vehicle with a BAC of .15.  The penalties are a class D felony
for the first offense, a class C felony for the second offense,
a class B felony for the third offense, and a class A felony for
the fourth and subsequent offenses (Section 577.015).  No
limited driving privileges are available (Section 302.309);

(4)  Makes it an infraction for any person to consume or possess
an open alcoholic beverage in a motor vehicle.  Currently, it is
a violation only to consume alcoholic beverages while operating
a motor vehicle (Section 577.017);

(5)  Creates the "dangerous persistent offender" category of
driver, who has previously been found guilty of either
involuntary manslaughter, certain types of assault, or 4 or more
intoxication-related traffic offenses.  This is a class A felony
(Section 577.023);

(6)  Changes the definition of "persistent offender" to include
offenders who have been found guilty of 3 or more intoxication--
related offenses in 10 years.  Persistent offenders are guilty
of a class B felony.  Currently, these offenders must have been
found guilty of only 2 or more intoxication-related offenses in
10 years, and it is a class D felony (Section 577.023);

(7)  Increases the number of violations necessary to be
considered a "prior offender" from one to 2 intoxication-related
offense in 5 years, which is a class C felony.  Currently, prior
offenders are guilty of a class A misdemeanor (Section 577.023);

(8)  Creates the "repeat offender" category of offenders, which
includes persons who have been found guilty of one intoxication--
related traffic offense.  Repeat offenders are guilty of a class
D felony (Section 577.023);

(9)  Repeals provisions allowing the expungement of alcohol--
related driving offense records (Section 577.054);

(10)  Expands the waterways included in violations relating to
operation of water vessels to also cover the waters of
Missouri.  Currently, the waterways only include the Mississippi
River, the Missouri River, and the lakes of the state (Section
306.111);

(11)  Increases the penalties for operating a vessel while
intoxicated to a class A misdemeanor for a first violation, a
class D felony for a second violation, a class C felony for a
third violation, a class B felony for a fourth violation, and a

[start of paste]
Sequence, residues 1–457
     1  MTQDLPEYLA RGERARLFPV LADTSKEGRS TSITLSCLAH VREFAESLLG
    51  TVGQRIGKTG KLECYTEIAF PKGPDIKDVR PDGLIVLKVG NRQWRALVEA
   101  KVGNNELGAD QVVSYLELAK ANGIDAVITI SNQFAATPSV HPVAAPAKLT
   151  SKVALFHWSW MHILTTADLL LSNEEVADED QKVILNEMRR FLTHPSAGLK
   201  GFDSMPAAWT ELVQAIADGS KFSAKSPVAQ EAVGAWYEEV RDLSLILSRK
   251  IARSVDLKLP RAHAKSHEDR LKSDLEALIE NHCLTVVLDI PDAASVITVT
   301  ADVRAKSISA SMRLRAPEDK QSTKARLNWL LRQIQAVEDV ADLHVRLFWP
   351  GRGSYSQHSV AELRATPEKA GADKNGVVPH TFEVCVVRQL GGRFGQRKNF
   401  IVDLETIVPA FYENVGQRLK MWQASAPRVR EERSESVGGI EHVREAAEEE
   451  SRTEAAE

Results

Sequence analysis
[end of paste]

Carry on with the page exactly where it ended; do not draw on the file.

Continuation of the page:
class A felony for a fifth and subsequent violation.  Currently,
it is a class B misdemeanor for a first violation, a class A
misdemeanor for a second violation, and a class D felony for a
third and subsequent violation (Section 306.111);

(12)  Creates the crime of operating a vessel at night while
intoxicated, which is a class D felony for the first conviction,
a class C felony for the second conviction, a class B felony for
the third conviction, and a class A felony for the fourth and
subsequent convictions (Section 306.111);

(13)  Lowers the BAC for operating a vessel with excessive BAC
from .10 to .08 and increases the penalty to a class A
misdemeanor for the first violation and a class D felony for the
second and subsequent violations.  Currently, it is a class B
misdemeanor for the first violation, a class A misdemeanor for
the second violation, and a class D felony for the third and
subsequent violations (Section 306.112); and

(14)  Adds a third level of penalties to involuntary
manslaughter by dividing it into first, second, and third degree
offenses.  Involuntary manslaughter in the first degree includes
causing the death of another while operating a vehicle or boat
in an intoxicated condition.  Involuntary manslaughter in the
first degree is increased from a class C to a class B felony.
Involuntary manslaughter in the second degree is committed when
a person recklessly causes the death of another and is a class C
felony.  Involuntary manslaughter in the third degree is acting
with criminal negligence to cause the death of another, a class
D felony (Section 565.024).